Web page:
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Westpac unveils debit card that earns its user airpoints, also throws in a PayTag contactless payments sticker

Personal Finance
Westpac unveils debit card that earns its user airpoints, also throws in a PayTag contactless payments sticker

In a move that may entice some customers away from EFTPOS, Westpac says it's launching New Zealand's first airpoints earning debit card.

Westpac says its new debit card works like an EFTPOS card, drawing funds directly from a customer’s transaction account such as a cheque account.

The MasterCard debit card can be used online, over the phone and overseas. Customers will earn one airpoints dollar for every $250 spent on the card, and receive a PayTag contactless payment sticker for their mobile phone, through which they can pay for items that cost less than $80.

Westpac replaced BNZ as one of Air New Zealand's airpoints partners in May. Westpac also offers four airpoints credit cards including a business card, and an airpoints earning home loan. The bank's airpoints earning credit cards offer one airpoint for between every $65 to $120 spent.

To earn airpoints dollars with the debit card, Westpac customers will need an eligible personal transaction account with a minimum of $500 deposited monthly.

“We have had excellent growth with the airpoints programme and we expect that to continue with the debit card where customers, who prefer to pay with their own money, can still earn rewards," Shane Howell, Westpac's chief products officer said.

However, the push towards contactless MasterCard debit cards, and away from EFTPOS, is unlikely to thrill retailers because they don't pay a specific transaction cost for EFTPOS transactions but will be expected to for MasterCard ones.

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Westpac, Airbnb team up to target home owners
And just when you thought the log was hollow, what's this, a thoughtful help to bring people together or, make servicing on the mega mortgage...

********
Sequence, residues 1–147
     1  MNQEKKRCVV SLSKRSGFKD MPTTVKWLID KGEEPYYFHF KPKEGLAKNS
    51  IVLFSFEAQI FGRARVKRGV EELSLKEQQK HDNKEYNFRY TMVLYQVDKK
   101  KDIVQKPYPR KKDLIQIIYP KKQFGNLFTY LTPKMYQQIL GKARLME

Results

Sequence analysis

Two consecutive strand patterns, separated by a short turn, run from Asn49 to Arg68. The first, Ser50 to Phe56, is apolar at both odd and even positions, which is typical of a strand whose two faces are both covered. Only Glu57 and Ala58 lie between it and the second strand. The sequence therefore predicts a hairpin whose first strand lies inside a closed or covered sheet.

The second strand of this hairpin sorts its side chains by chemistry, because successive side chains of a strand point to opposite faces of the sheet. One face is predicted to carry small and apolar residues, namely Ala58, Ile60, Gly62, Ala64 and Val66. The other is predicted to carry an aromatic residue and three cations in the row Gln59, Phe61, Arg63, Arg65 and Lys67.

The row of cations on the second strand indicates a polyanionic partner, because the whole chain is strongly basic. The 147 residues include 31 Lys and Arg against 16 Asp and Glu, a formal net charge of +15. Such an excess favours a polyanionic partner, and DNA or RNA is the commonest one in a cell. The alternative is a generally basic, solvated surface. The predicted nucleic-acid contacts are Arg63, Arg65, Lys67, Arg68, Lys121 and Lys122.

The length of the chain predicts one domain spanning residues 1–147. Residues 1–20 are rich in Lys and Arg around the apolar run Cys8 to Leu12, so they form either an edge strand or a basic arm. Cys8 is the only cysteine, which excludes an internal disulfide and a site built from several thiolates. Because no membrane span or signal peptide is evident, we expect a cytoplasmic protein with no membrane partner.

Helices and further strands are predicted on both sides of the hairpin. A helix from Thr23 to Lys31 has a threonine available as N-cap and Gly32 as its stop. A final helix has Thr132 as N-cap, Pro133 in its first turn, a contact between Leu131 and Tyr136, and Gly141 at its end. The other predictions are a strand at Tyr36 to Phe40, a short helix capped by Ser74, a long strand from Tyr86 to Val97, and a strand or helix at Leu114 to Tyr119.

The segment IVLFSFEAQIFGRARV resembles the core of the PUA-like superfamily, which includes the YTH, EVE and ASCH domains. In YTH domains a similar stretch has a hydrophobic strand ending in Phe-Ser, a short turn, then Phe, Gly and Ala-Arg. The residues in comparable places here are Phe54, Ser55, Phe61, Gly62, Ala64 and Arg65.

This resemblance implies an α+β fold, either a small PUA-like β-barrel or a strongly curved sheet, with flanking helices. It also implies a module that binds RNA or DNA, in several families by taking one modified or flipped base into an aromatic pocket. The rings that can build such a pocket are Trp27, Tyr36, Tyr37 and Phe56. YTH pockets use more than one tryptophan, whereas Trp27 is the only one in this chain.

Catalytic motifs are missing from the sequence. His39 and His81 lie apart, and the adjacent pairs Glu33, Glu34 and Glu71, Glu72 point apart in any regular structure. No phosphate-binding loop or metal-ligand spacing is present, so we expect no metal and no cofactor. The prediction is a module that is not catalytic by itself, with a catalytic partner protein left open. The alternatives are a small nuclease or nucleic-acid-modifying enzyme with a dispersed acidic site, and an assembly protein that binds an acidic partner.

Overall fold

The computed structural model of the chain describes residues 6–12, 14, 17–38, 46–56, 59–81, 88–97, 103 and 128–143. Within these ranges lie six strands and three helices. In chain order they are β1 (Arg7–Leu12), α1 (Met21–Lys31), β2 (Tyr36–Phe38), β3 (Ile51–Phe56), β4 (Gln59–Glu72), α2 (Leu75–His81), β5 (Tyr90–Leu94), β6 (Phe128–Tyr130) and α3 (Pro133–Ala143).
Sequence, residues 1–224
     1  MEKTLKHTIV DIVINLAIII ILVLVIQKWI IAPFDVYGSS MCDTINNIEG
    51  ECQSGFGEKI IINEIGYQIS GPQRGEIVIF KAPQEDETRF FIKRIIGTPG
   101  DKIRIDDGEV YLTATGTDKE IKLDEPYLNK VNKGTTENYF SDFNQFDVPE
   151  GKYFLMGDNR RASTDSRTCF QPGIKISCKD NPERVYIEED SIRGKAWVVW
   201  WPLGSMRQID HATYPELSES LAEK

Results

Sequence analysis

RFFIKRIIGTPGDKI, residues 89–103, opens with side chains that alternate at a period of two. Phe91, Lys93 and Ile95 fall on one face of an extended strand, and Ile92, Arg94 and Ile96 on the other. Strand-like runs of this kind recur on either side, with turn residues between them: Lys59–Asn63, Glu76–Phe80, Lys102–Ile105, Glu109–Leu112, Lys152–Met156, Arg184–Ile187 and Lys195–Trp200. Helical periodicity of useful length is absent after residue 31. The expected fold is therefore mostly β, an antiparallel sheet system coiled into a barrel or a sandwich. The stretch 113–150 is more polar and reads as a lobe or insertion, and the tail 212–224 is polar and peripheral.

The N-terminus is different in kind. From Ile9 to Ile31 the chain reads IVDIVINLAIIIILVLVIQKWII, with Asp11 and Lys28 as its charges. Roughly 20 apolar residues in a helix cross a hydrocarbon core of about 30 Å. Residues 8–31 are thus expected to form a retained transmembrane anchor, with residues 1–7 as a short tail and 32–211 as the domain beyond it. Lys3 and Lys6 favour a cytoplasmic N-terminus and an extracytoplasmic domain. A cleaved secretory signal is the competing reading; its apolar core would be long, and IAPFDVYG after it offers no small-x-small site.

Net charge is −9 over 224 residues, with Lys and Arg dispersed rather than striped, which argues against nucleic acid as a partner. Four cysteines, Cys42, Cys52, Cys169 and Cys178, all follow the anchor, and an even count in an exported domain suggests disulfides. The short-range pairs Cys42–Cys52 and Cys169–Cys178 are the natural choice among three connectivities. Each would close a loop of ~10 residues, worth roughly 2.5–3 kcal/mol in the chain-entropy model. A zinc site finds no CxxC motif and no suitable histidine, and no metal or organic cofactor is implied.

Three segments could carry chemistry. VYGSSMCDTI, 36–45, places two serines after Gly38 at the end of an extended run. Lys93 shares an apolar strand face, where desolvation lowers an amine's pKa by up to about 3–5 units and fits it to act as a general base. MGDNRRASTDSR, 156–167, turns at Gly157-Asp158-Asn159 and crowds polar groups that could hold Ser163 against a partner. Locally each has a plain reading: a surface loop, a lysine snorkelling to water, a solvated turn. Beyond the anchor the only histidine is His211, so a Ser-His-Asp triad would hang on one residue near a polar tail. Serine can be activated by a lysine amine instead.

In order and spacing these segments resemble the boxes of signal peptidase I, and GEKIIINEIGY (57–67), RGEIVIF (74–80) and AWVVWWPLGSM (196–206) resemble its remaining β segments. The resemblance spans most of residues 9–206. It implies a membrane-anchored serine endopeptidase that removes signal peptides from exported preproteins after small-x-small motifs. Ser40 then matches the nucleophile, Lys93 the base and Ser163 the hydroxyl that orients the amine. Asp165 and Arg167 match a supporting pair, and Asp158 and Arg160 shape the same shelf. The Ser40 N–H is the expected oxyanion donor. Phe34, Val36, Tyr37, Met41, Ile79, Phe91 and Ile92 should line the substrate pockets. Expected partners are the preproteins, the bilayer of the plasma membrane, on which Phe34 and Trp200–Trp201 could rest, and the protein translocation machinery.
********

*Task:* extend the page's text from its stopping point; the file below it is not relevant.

"We're thrilled to work with Westpac – we know that so many people love celebrating their home with friends and family but there's often just no space for them to stay. With more than 50,000 Airbnb properties around the country we're well placed to lend a hand," Sam McDonagh, Airbnb's Australian general manager, said.

Many users on Twitter have responded to Westpac and Airbnb's campaign with cynicism, with some calling the conversation a "bizarre exchange", "dishonest" and "fake".

"Corny advertising, as a Westpac client I guess I'm helping to pay for it," @kentparkstreet said.

Others responded with humour. "Would you two please just go and get a room together :) ," asked @Early_GreyT.

Tony Lee, strategy director at digital agency ntegrity, said the way Westpac and Airbnb have conducted their Twitter conversation so far have led people to think that it "might not be an authentic piece of information".

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well I never...


I just stayed in Edinburgh, the owner of the apartment was paying the mortgage with Airbnb. Making up to £2000 pounds a month, the cost of renting similar apartment was £700 a month, she had two rooms.
Medium term Airbnb is going to drive down the cost of accommodation for travellers. My daughter got married in Cornwall and she arranged all accommodation via Airbnb, it was a game changer and it's only in it's infancy. Like Uber with 12500 drivers in London, it's impact has to be monumental for established businesses, anyone want to buy a Motel in Tauranga?
Around here in NZ ,there were a lot of places on Airbnb for $80 a night a year ago today it's more like $40 and I suspect still falling.